Inguinal-related pain – 4 week protection phase from increased and forceful tension. Slow gradual activation of these muscles over next 4-6 weeks. The program should also focus on hip range of motion and core mobility training. 

Pubic-related pain: 4 week protection phase from increased and forceful tension. Slow gradual activation of these muscles over next 4-6 weeks.  The program should also focus on hip range of motion and core mobility training. Four weeks of no pain is generally recommended before resuming explosive/agility maneuvers. (Jardi et. al. 2014)

 

Injections: Adjunct therapies described have included NSAIDs, and injections (corticosteroids and platelet rich plasma) into pubic symphysis, or rectus abdominus muscles.

 

Radiofrequency ablation/denervation:

If there is nerve-like symptom description in the history or the pain transects inguinal, pubic and/or adductor areas, then there has been some promise shown in the use of both nerve blocks for treatment.  These can generally be helpful as a diagnosis tool in non-hip groin pain in athletes.  Radiofrequency ablation of the ilioinguinal nerve demonstrated improvement in a study of 36 patients when compared to bupivacaine with triamcinolone.  (Comin et al. 2013).  We have a case of iliohypogastric nerve RFA in a professional football player that was able to resume full training without pain after 4 months of discomfort.  Many of the surgical techniques report including an neurectomy of the inguinal sensory nerves. (Zuckerbraun et al. 2020).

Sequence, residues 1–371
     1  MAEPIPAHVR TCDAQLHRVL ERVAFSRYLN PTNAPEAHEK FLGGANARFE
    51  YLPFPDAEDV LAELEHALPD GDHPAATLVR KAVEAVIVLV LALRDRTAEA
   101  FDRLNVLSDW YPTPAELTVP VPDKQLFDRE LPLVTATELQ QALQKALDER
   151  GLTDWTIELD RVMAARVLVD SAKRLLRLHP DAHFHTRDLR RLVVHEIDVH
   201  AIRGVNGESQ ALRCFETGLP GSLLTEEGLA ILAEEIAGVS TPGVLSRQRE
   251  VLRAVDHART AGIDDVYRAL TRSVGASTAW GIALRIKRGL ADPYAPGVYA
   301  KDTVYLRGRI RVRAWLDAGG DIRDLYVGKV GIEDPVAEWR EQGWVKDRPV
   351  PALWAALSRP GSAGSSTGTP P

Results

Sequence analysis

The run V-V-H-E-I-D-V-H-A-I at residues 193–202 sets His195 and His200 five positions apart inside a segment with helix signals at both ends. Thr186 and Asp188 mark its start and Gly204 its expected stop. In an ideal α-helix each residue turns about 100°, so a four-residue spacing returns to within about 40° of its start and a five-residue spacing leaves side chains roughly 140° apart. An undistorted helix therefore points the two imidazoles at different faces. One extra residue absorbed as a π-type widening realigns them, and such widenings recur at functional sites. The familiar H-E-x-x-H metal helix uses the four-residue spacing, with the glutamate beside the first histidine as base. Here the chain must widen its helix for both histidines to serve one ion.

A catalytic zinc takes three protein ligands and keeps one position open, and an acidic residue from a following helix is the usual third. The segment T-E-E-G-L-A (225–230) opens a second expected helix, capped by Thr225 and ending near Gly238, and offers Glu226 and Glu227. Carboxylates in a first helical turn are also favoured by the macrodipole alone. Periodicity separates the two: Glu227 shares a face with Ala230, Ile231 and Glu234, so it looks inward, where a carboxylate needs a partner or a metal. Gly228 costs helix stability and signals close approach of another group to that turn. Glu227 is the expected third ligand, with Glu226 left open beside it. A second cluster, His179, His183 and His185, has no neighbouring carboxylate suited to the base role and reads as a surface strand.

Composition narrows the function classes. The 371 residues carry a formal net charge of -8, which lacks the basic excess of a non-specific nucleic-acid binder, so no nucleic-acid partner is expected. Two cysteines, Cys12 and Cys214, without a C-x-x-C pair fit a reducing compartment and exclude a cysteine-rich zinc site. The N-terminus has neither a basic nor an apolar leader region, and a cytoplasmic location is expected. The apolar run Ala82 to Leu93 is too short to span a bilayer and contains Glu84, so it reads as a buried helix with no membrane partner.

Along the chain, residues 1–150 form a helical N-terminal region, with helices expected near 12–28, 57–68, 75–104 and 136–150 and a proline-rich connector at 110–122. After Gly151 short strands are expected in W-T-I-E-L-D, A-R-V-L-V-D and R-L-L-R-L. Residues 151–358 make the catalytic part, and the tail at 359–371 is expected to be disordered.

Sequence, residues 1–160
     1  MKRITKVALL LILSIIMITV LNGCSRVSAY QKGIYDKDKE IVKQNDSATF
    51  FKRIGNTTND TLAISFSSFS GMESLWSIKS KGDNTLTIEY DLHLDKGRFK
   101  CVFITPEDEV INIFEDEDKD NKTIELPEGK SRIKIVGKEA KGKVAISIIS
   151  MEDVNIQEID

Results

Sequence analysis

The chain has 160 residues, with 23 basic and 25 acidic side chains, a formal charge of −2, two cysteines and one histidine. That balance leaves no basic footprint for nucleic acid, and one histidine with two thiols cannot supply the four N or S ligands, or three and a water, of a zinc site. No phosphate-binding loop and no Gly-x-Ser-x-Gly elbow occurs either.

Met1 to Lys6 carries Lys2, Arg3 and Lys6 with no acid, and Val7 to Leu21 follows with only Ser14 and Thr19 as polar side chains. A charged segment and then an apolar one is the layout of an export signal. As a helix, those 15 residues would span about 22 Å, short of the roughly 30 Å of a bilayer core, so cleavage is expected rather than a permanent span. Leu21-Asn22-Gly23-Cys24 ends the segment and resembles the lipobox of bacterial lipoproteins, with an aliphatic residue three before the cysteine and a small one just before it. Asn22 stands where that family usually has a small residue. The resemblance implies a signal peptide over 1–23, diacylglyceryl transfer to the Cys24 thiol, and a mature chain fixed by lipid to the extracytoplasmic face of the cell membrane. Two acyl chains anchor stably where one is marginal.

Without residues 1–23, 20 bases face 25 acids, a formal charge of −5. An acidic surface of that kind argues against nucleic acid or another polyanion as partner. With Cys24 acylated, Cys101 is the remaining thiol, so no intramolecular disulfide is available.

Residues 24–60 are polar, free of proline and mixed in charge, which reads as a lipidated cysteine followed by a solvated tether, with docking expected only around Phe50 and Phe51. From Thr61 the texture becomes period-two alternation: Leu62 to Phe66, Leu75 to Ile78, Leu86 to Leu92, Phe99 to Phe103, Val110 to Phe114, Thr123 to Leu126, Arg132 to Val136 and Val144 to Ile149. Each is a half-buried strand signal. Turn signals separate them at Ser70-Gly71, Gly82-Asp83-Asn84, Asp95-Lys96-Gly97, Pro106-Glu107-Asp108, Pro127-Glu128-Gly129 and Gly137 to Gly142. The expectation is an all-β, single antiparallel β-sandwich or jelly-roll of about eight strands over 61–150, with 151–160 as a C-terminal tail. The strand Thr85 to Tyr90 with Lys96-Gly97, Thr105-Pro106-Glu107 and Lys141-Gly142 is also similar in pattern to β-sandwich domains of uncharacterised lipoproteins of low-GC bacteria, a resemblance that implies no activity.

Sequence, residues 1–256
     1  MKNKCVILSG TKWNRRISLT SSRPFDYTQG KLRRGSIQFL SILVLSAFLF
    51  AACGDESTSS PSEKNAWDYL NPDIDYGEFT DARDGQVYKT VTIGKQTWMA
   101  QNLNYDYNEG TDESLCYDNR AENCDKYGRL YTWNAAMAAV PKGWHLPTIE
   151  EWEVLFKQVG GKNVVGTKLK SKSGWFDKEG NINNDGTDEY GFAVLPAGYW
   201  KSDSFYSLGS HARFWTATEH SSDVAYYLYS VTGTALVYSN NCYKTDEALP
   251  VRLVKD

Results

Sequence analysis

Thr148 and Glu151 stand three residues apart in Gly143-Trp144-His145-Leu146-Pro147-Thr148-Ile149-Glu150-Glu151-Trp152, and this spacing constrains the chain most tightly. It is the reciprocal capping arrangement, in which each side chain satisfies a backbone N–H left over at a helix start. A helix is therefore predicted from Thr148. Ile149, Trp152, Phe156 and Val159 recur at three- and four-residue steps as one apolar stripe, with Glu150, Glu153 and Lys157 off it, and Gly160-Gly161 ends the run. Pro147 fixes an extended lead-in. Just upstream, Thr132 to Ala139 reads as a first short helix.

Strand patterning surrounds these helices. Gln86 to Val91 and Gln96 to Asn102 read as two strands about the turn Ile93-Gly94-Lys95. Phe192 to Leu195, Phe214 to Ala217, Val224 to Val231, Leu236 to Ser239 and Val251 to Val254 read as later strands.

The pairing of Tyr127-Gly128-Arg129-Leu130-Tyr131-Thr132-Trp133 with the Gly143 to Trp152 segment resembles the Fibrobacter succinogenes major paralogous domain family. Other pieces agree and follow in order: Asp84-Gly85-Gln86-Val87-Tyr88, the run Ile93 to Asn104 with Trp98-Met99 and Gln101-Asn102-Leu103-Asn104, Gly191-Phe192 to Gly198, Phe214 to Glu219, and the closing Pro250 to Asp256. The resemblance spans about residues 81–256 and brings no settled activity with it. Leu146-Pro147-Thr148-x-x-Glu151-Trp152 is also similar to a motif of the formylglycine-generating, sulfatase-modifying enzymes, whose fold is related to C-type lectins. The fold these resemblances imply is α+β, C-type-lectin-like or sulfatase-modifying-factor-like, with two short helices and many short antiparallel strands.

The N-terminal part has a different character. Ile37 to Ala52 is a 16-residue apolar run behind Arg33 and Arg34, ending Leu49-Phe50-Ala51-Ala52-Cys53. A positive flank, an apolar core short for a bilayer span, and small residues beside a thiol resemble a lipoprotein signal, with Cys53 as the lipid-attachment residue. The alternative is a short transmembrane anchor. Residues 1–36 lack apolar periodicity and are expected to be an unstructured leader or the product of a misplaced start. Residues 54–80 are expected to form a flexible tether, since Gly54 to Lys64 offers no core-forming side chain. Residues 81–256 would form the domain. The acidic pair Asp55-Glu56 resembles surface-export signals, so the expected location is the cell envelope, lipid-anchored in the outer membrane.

Surgical:

There are multiple different surgical interventions  which can involve any of the following: fixation of transversus abdominus to inguinal ligament, mesh insertion (total extraperitoneal mesh placement), aponeurotic plate fixation back to periosteum with inguinal floor repair, adductor tenotomy/lengthening, rectus abdominis repair and neurectomy of associated nerves.

Adductor tenotomy alone is generally reserved for patients that report adductor localized pain. Robertson et al. 2011, reported 71% of athletes returning to their pre-injury level of sport after chronic adductor pain.  The series included 109 male athletes that had chronic adductor pain with a mean of 15 months at time of operation) despite conservative management.   

Laparoscopic mesh for posterior wall was used frequently.   In 2 different studies, one of 35 and the other 131 patients,respectively.  The authors found that 97%  of patients returned to prior sporting level within 3 weeks. (Genitsaris et al. 2004, Susmallion et al. 2004).

Another option is open repair, one study of 128 patients with a minimal repair technique (posterior wall repair with decompression of genital branch of genitofemoral nerve) reported 84% returned to pre-injury level of sport at 4 weeks.(Mushaweck et al., 2010) 

 

Complications include: bruising, bleeding, hematomas, infection, and dysthesias (Meyers et al. 2008).

 

Criteria for referral for Laparoscopic Repair for Sport hernia (Inguinal-related groin pain in athlete in absence of a true hernia):

 

  1. History features that must be present (must have all three):

1) Athletic Injury – overuse/gradual onset;

2) Worse with twisting, sprinting, change of directions, and mechanical provocation;

3) Pain greater than 6 months ( > 6 weeks if professional/elite athlete).

  1. Examination features that must be present (must have both):

1) Pain over inguinal ligaments and location of external and internal rings;

2) Absence of true inguinal hernia.

  1. Imaging features that must be present (must have both):

1) Ultrasound – demonstrating no true inguinal hernia;

2) MRI groin pain protocol – Negative for other causes of groin pain.

 

It should be noted that despite promising results with surgical interventions, geographical availability can be quite limited.

 

Author:  Dr. Jordan Anderson, MD CCFP PGY3 and Dr. Neil Dilworth (April 4, 2021 – PR AF MC updated May 5, 2021)